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    5 out of 5 stars
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  • SGC-Northern CA
  • 2018-02-01

could not stop listening

what a great story and superb narration. well done! I was sad it ended too soon.

2 of 2 people found this review helpful

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    4 out of 5 stars
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  • Kohl Juranas
  • 2018-01-24

Good Read

It starts out excellent and engaging but it slows down towards the end. I would have liked to hear about more from the Blues and the world at large.

2 of 2 people found this review helpful

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    3 out of 5 stars
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  • christopher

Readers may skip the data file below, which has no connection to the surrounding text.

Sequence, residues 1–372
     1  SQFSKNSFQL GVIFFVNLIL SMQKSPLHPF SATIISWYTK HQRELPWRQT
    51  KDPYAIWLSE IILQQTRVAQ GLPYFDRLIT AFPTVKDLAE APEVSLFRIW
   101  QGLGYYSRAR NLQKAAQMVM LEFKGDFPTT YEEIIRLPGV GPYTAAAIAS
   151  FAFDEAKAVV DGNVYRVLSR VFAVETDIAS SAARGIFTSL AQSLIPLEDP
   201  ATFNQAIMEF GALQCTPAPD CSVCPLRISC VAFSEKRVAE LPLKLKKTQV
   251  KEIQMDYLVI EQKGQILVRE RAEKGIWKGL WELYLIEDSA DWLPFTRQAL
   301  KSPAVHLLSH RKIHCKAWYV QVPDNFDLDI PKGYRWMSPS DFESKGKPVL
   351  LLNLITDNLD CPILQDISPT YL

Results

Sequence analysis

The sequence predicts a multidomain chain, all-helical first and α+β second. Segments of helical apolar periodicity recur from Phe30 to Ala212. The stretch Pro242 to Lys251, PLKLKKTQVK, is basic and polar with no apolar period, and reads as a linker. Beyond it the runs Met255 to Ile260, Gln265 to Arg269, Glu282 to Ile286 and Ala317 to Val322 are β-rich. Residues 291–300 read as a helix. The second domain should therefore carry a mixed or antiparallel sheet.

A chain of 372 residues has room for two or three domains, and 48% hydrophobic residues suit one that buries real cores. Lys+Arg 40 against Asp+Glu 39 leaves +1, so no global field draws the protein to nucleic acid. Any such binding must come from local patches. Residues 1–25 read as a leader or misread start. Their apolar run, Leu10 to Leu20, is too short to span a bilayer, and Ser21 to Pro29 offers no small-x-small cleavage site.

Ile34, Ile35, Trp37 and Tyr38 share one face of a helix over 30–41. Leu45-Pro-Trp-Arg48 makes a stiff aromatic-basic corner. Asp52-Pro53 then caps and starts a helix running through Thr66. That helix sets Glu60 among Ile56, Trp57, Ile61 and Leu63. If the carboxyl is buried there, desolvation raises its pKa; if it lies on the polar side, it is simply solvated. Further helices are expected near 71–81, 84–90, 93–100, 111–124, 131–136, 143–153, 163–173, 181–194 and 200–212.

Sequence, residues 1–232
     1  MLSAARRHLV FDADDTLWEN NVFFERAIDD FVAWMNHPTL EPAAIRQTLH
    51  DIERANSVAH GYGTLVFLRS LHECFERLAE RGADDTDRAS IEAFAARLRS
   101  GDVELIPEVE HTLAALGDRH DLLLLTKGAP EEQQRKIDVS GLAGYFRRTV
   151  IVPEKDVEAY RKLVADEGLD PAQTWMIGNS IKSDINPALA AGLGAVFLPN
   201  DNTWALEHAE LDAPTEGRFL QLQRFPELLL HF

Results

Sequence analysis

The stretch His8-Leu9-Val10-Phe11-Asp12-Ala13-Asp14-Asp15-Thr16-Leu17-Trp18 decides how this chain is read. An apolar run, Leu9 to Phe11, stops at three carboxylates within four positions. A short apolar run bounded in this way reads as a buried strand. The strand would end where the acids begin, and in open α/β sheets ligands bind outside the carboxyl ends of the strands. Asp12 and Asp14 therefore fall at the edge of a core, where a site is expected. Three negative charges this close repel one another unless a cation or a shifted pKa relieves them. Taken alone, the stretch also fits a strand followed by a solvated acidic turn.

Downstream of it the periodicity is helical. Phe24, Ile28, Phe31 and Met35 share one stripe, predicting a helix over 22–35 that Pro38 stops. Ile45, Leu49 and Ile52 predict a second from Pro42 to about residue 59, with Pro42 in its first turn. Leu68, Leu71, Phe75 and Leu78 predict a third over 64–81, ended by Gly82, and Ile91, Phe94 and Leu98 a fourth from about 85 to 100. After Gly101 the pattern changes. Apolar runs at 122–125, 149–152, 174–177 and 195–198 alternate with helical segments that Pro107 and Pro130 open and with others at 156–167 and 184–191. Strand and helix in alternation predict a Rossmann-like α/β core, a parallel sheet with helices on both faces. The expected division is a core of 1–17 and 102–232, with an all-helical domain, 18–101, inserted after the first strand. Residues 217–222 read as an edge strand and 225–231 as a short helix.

• 2017-12-29

Well crafted characters, phenomenal performance, and a disappointing story

If you liked McCarthy’s The Road, you will like this. Well crafted characters going from despair to even deeper levels of despair. No plot and not much point, other than war is bad and people do bad things to other people.

2 of 2 people found this review helpful

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  • N K
  • 2017-12-21

Could Not Stop Listening

This an instant classic in my library. Well written and well performed. Plus an intriguing story that sadly could be part of our future.

2 of 2 people found this review helpful